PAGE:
As you age, develop, mature, take on new challenges, are confronted with life's strong pleasant and unpleasant surprises, aspects of the eating disorder may return. If it's not a relapse, (meaning collapse and surrender) it can be a signal that a new strength needs to be developed. It can also mean you are overstretching your capabilities and need to pace yourself.

Eating disorder symptoms, developed to defend you from what you could not bear, return to some people not as an enemy but as a guide. Your symptoms can show you that you are feeling too much or not enough. This teaching occurs in a language you understand, perhaps better than any other. This is the language of the eating disorder which may have been your life long companion.


"Recovered Person"

In my opinion the "recovered" person, is consciously aware of his or her liaison with the eating disorder. It's as if the eating disorder were some kind of sleeping general or police force who, when you take on more than you can bear, rises up to alert, protect and defend you using the old eating disorder methods. This gets your attention.

The "recovered" person recognizes the return of the eating disorder urges or actual behavior as a signal to pay attention to something that is out of conscious awareness. Past recovery work allows you to reevaluate what's going on in your life knowing now that something is being denied. You can then do more inner work to be present for your experience without needing the numbing protection of the eating disorder.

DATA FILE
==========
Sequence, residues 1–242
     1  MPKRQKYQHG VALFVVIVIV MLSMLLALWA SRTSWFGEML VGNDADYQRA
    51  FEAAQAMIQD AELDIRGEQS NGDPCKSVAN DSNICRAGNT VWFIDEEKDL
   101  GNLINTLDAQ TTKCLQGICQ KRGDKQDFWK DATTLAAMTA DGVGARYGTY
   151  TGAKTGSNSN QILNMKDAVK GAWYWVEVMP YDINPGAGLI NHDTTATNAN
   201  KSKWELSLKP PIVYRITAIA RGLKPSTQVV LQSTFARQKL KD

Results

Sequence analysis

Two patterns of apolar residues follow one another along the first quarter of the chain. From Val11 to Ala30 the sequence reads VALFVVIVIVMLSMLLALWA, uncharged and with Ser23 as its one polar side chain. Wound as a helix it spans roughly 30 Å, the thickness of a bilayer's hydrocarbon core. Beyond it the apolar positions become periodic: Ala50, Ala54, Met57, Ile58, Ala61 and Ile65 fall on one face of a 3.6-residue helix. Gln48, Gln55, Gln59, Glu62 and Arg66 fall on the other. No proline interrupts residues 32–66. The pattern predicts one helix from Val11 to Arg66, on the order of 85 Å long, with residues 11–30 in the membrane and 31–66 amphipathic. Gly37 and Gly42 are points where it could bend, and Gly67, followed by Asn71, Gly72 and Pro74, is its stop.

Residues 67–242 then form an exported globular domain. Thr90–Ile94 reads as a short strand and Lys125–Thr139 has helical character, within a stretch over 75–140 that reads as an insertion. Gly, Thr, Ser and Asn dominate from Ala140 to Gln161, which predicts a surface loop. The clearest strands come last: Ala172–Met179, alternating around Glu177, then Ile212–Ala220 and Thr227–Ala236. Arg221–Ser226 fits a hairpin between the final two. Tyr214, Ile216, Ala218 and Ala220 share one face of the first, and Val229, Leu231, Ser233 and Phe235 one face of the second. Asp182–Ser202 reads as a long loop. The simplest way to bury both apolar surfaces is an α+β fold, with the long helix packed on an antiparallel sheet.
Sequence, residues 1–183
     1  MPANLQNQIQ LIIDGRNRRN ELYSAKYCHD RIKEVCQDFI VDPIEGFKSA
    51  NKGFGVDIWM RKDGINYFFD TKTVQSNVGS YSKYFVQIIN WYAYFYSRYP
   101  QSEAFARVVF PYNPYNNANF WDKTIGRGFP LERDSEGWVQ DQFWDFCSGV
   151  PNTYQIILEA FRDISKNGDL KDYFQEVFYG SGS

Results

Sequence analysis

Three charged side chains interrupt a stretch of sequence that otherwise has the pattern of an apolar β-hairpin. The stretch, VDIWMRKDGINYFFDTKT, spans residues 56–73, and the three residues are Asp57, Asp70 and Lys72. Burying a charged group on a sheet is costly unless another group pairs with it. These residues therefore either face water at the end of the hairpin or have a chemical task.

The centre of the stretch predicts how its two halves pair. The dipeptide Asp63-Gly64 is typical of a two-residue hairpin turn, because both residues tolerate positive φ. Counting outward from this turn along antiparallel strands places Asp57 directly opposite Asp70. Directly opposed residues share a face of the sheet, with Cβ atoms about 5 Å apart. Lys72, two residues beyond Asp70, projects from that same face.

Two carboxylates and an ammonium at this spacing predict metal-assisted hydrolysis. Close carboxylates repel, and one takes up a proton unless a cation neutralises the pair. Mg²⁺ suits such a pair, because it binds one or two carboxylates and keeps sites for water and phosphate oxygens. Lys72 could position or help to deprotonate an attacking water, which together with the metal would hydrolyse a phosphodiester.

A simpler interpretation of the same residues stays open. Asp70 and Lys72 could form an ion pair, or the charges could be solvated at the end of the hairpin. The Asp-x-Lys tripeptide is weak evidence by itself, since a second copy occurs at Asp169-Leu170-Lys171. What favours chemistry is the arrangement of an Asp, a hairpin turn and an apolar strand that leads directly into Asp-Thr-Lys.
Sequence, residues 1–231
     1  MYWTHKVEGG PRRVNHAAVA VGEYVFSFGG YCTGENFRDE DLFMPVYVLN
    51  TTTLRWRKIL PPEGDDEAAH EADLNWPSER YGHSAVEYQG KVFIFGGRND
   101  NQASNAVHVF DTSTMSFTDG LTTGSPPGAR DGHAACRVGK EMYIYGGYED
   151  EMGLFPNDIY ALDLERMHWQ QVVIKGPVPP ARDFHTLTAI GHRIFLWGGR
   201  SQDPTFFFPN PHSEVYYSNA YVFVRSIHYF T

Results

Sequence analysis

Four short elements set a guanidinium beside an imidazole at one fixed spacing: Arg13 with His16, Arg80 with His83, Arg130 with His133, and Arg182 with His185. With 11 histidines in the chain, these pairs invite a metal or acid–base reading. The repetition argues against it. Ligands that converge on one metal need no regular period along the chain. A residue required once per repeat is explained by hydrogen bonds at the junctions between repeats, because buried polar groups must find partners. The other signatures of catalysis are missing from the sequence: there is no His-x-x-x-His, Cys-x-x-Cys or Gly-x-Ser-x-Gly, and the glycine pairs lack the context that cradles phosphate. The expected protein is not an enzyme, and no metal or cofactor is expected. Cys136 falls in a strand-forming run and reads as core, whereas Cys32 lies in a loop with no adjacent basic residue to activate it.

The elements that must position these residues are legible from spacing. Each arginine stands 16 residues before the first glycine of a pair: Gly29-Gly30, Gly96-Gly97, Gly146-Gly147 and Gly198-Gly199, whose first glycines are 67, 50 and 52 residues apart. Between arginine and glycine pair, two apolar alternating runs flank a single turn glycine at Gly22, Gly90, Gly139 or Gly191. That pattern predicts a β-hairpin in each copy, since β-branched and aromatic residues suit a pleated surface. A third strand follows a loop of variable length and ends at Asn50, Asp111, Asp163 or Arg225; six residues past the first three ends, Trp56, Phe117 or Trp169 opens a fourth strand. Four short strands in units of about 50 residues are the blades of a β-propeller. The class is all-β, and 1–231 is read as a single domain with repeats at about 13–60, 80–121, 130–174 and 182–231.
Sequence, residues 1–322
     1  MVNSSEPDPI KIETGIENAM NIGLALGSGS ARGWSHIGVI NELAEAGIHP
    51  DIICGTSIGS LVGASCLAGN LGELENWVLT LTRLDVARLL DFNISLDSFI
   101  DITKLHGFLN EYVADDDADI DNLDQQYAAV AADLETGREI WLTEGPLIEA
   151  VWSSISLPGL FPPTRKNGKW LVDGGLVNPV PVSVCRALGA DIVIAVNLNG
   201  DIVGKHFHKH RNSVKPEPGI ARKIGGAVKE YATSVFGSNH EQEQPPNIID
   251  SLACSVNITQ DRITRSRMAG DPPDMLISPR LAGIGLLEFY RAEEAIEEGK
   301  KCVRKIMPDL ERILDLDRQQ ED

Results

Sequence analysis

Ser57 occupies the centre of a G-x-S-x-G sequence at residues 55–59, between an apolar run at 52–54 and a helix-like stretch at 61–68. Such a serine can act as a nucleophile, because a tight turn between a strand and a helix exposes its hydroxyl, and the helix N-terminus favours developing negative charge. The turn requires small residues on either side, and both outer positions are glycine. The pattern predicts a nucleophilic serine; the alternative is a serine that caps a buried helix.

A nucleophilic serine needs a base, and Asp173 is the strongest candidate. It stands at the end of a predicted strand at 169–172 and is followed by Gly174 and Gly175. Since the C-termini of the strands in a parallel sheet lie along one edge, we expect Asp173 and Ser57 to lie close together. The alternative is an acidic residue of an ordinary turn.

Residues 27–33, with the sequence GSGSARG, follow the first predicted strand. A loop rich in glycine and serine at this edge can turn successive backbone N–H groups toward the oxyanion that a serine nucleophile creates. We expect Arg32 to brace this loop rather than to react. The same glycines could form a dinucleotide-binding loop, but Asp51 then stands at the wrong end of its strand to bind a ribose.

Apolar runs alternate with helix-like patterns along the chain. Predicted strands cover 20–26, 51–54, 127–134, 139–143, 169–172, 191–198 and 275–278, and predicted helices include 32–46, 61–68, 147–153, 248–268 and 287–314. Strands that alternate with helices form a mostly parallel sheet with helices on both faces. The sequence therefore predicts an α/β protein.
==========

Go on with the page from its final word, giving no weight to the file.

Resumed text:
When Symptoms Return


There can be gaps of five, ten even twenty years of no acting out. Then your old faithful protector emerges to wake up you up if you are involved in more than you can bear. The symptoms let you know you need to pay attention and make some healthy adjustments in you way of living or dealing with a situation.

Symptoms can last one or a few days and be of tremendous value.

I would not like people who have occasional psychological informative incidents of their eating disorder symptoms to believe that they have lost their recovery. Nor would I like people who have no symptoms for two years to believe that their disorder is over.



Need for Continued Growth and Learning

No one knows what challenges life will present in the future. I doubt that any of us are fully equipped right now to deal with what the future will reveal. We all need to keep learning and growing to survive and thrive in this life. We all have signals that let us know we need to learn and grow beyond our current limitations.

A return of eating disorder urges is one kind of signal that lets you know more growth and learning is required.The more recovery work you've done the more capable you are of continuing the recovery work when those inevitable life challenges emerge. Those urges can help you open a blind eye or a dulled psyche to a new challenging reality and help you continue to live a full life.o you

1.   Have you been surprised by a return of symptoms?
2.   What was going on in your life at the time?
3.   Could you see then or can you see now how your symptom return signaled an alarm?



*Spain, coast of Fuerteventura near Ajuy. photo by Hansueli Krap


Who's Online

We have 22 guests and no members online



JoannaPoppink The Fire Alarm Is Not the Fire: Deep causes of intimacy issues, anxiety and eating disorders https://t.co/SN9cxo7zNl
7hreplyretweetfavorite
JoannaPoppink In these times of stress and challenge, we need to be as healthy as we can be. Read: Healing Your Hungry Heart: Re… https://t.co/PKaZb1PWvb
7hreplyretweetfavorite
JoannaPoppink Birds in California's desert are dying https://t.co/vXHiptkC6d
8hreplyretweetfavorite
JoannaPoppink Latest Sustainable World online now. https://t.co/PhO9aSKGB5 #habitat #climatecrisis
8hreplyretweetfavorite
JoannaPoppink The Research Coordinated Network for Evolution in Changing Seas (RCN-ECS) https://t.co/IBJJEv0zes by @molecologist
20hreplyretweetfavorite

Copyright © 2020